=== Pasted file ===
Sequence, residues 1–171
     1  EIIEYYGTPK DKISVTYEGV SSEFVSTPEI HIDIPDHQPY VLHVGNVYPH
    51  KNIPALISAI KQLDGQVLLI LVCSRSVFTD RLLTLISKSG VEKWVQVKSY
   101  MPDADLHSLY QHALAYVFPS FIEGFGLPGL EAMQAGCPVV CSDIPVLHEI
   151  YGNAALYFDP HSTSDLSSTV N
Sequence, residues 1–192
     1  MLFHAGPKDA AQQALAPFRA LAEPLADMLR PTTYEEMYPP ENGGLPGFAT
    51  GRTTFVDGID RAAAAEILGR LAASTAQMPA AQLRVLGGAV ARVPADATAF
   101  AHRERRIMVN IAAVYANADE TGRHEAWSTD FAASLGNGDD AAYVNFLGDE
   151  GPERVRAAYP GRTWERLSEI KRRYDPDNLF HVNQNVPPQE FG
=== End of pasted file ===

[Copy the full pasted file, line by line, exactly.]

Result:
Sequence, residues 1–171
     1  EIIEYYGTPK DKISVTYEGV SSEFVSTPEI HIDIPDHQPY VLHVGNVYPH
    51  KNIPALISAI KQLDGQVLLI LVCSRSVFTD RLLTLISKSG VEKWVQVKSY
   101  MPDADLHSLY QHALAYVFPS FIEGFGLPGL EAMQAGCPVV CSDIPVLHEI
   151  YGNAALYFDP HSTSDLSSTV N
Sequence, residues 1–192
     1  MLFHAGPKDA AQQALAPFRA LAEPLADMLR PTTYEEMYPP ENGGLPGFAT
    51  GRTTFVDGID RAAAAEILGR LAASTAQMPA AQLRVLGGAV ARVPADATAF
   101  AHRERRIMVN IAAVYANADE TGRHEAWSTD FAASLGNGDD AAYVNFLGDE
   151  GPERVRAAYP GRTWERLSEI KRRYDPDNLF HVNQNVPPQE FG